Last summer, researchers at the Danish human rights organization Danwatch published this story about labor rights violations in the coffee sector in Brazil. The authors argue that the problem “has its roots in the fact that some people believe that it is ok to exploit others to increase their own gain.”
I won’t argue that this attitude is not present in the coffee sector. It is part of what a sixth-generation coffee farmer friend calls coffee’s “colonial hangover.” But labor violations due to this kind of attitude among farm owners are so reprehensible and so discordant with our values that they are easy to condemn, even if they are not easy to identify and remediate. More complicated — and more worthy of serious consideration — are labor challenges that arise not from a farm owner’s sense of his or her innate superiority, but from the underlying economics of the coffee supply chain.
Labor shortages in the coffeelands are occurring more and more frequently, with would-be farmworkers finding work elsewhere that is less grueling, more rewarding, or both. One logical response is for farm owners to raise wages to make farm work in coffee more attractive. But labor costs are already a farm owner’s single largest expense, and can account for 60 percent or more of the cost of production. Raising wages further — especially when market prices are low — can cut into grower margins that are already thin or make coffee farming unprofitable altogether. Juan Luis Barrios, owner of Finca La Merced in Guatemala, told me last year that labor is “the one problem on my farm I don’t know how to solve.”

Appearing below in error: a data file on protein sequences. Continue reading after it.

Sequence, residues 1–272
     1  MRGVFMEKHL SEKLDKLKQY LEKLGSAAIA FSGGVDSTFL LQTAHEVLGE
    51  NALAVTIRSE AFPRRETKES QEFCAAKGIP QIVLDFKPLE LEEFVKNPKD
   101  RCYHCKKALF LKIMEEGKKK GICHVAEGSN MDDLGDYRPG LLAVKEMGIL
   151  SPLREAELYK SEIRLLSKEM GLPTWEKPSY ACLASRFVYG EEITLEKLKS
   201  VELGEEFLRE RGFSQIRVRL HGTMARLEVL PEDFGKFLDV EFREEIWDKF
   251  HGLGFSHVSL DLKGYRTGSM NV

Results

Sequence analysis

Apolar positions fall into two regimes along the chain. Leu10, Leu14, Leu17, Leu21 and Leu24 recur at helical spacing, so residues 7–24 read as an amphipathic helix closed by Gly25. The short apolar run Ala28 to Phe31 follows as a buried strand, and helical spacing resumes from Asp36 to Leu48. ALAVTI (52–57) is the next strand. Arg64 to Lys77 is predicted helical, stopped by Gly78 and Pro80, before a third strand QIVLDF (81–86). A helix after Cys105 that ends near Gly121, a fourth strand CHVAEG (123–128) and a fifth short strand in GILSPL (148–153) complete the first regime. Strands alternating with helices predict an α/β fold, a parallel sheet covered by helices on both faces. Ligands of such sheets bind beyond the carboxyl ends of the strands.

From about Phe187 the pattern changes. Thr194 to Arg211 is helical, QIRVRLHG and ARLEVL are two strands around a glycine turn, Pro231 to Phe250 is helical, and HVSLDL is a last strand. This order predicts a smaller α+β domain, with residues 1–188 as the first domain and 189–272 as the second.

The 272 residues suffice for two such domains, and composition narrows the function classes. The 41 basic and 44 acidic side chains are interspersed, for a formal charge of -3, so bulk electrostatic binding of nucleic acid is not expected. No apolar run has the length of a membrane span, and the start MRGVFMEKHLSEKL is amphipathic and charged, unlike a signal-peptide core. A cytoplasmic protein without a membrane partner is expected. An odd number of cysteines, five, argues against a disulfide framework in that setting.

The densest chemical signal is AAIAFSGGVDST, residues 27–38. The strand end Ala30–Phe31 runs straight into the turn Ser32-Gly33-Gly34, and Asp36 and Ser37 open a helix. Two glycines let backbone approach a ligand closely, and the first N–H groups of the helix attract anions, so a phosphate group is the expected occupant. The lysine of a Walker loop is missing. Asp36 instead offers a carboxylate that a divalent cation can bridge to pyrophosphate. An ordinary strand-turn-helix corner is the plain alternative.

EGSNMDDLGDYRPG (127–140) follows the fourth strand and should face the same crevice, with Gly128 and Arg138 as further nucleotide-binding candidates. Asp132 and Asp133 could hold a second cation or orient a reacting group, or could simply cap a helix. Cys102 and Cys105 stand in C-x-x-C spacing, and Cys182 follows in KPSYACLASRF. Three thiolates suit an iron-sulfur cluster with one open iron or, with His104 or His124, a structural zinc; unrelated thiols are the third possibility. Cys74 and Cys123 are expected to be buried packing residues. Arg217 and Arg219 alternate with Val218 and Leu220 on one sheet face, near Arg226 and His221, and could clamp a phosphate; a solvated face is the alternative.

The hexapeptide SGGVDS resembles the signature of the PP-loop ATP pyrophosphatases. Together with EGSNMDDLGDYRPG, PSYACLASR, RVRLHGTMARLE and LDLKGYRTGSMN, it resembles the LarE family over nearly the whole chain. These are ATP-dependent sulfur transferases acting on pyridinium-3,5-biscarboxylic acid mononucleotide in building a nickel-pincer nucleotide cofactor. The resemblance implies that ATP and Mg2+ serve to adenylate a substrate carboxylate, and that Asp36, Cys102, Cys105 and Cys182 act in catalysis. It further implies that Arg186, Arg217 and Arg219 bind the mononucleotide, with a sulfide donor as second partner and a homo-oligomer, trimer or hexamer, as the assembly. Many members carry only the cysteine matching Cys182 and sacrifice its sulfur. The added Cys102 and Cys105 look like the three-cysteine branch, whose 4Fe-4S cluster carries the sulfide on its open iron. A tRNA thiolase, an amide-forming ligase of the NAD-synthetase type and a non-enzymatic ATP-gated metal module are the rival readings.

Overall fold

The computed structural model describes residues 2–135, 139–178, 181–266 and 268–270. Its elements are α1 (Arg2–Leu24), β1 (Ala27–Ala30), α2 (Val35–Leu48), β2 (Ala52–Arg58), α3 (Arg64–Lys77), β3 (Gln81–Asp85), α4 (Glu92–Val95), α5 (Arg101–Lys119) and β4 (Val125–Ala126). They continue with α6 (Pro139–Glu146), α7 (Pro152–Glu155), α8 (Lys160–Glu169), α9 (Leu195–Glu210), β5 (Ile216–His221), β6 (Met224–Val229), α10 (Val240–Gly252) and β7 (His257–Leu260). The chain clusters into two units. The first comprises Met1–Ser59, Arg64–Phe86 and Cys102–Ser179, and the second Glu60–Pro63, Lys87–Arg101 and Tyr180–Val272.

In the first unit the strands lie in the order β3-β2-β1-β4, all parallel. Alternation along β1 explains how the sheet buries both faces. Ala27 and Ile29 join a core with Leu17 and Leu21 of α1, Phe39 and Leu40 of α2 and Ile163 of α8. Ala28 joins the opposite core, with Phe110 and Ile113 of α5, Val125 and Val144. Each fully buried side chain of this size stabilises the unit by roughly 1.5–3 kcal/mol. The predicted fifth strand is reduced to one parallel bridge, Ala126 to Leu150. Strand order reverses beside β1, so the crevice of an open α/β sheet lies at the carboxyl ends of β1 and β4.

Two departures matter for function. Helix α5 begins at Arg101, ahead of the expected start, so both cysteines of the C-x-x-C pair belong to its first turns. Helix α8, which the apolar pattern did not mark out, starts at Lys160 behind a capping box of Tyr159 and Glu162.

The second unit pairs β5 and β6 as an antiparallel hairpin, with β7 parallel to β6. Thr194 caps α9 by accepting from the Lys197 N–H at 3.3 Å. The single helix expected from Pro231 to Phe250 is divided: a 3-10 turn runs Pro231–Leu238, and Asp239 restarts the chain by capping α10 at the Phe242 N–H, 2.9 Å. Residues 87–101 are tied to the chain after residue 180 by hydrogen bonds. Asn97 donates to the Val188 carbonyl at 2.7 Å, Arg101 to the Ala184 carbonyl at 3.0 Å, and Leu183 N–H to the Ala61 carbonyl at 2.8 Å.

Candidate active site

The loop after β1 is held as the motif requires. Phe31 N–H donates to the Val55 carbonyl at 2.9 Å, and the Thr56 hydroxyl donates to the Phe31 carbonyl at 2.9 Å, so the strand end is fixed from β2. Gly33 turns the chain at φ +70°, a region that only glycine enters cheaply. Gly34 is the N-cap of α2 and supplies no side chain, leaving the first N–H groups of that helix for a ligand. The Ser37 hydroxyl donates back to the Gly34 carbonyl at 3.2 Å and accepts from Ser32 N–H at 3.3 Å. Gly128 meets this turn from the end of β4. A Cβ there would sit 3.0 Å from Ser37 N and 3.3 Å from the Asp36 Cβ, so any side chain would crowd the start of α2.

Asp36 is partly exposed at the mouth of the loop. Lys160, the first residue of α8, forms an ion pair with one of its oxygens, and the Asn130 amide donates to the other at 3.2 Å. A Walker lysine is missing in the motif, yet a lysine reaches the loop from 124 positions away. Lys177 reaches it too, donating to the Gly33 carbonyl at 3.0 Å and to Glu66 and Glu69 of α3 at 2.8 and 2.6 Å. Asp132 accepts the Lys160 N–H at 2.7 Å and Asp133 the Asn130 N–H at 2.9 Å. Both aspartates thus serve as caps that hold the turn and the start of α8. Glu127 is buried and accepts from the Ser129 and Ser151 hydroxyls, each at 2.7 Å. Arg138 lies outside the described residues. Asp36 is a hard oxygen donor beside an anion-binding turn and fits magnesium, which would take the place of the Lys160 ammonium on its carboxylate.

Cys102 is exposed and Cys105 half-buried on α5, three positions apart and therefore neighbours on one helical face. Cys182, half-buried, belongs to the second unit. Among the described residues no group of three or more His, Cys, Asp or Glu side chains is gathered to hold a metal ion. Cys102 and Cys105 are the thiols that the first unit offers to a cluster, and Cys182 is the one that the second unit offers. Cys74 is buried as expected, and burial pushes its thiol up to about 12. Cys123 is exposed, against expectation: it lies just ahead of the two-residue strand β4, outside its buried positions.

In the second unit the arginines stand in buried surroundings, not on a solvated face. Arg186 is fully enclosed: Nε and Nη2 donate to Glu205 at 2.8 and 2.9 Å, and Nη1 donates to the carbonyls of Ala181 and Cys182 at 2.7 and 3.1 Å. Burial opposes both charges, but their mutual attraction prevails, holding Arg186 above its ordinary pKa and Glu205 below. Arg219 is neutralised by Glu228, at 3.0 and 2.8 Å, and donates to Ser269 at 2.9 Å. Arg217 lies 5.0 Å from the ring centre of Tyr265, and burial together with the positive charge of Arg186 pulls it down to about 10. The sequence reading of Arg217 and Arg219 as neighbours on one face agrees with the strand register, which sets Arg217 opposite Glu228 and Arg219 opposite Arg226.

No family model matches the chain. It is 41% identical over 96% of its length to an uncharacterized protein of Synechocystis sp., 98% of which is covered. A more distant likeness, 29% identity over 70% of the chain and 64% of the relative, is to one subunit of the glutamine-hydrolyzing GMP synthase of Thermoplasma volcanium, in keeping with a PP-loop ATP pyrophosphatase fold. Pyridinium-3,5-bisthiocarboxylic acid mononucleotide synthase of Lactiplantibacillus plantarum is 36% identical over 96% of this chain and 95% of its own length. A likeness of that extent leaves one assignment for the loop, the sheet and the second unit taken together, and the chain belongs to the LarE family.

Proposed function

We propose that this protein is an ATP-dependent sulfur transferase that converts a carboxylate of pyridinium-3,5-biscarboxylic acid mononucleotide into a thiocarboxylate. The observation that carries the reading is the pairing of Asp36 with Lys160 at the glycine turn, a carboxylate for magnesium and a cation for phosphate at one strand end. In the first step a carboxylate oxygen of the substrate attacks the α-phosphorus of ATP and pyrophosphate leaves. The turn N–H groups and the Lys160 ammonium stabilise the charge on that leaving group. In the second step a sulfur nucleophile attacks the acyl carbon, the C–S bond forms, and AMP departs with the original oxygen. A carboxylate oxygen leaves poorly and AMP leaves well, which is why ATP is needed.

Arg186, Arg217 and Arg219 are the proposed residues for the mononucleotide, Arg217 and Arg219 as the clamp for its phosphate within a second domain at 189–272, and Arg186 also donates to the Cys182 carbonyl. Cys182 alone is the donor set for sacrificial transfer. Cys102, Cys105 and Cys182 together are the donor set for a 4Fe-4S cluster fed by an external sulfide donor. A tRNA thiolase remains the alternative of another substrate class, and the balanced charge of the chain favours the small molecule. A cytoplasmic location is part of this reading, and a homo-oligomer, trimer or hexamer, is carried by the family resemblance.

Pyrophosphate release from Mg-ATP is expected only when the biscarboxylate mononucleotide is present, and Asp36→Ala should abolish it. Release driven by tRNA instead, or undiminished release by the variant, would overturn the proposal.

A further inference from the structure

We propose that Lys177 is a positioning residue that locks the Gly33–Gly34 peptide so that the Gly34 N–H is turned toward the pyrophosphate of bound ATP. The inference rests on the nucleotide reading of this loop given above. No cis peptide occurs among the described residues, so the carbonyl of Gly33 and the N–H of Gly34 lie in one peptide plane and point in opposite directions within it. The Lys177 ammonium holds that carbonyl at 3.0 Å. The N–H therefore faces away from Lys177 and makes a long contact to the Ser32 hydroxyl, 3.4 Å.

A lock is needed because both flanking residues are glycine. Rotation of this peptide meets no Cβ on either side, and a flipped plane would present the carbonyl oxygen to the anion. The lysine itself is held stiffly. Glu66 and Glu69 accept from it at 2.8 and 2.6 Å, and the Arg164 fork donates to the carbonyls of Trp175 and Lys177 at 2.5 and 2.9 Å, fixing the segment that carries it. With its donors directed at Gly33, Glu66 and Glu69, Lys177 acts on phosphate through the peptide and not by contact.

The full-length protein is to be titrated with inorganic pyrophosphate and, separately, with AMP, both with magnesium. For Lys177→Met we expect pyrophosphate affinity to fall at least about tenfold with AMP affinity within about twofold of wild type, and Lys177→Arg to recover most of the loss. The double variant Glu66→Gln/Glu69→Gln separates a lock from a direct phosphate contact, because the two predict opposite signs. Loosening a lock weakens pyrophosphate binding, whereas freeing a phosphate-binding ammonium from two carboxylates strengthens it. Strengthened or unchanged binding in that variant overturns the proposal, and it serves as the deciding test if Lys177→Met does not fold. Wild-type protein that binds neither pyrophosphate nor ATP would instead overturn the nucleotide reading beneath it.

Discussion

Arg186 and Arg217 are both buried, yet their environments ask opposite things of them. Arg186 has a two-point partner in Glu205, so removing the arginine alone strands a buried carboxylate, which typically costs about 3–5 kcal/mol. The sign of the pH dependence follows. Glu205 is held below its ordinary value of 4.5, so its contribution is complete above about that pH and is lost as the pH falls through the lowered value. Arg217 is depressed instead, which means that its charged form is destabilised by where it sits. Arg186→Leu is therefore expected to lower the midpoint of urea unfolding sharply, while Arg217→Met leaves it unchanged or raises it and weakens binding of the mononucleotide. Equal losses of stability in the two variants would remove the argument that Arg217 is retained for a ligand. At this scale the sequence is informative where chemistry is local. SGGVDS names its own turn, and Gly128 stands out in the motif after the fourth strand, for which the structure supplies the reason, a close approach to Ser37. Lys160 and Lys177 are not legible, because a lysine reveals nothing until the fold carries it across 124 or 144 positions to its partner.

Many farm owners turn to labor brokers to make the labor recruitment and management processes more efficient. Cheaper. What they may not know is that researchers have identified labor brokerage and unethical recruitment as leading risk factors for violation of labor rights in the coffee sector. Program Manager Quinn Kepes was the lead researcher and author on this outstanding study on labor in the coffee sector in Guatemala that highlights the role of labor brokers, and he is currently working with Keurig to help the company better understand the labor recruitment dynamics in its supply chain in Guatemala.
Juan Luis and Quinn join Specialty Coffee Association of America Director of Sustainability Kim Elena Ionescu on Thursday at 2 p.m. Eastern for a live online discussion of these issues and other challenges and opportunities related to farm labor in the coffee sector. Put it on your calendar now and stream it live, or watch the archived version which will be posted here following the conversation.
Michael Sheridan has worked on coffee for Catholic Relief Services since 2004. He currently directs the Borderlands Coffee Project in Colombia and Ecuador and advises other CRS coffee projects in Latin America and the Caribbean. He is based in Quito and publishes perspectives from the intersection of coffee and international development for the CRS Coffeelands Blog at coffeelands.crs.org.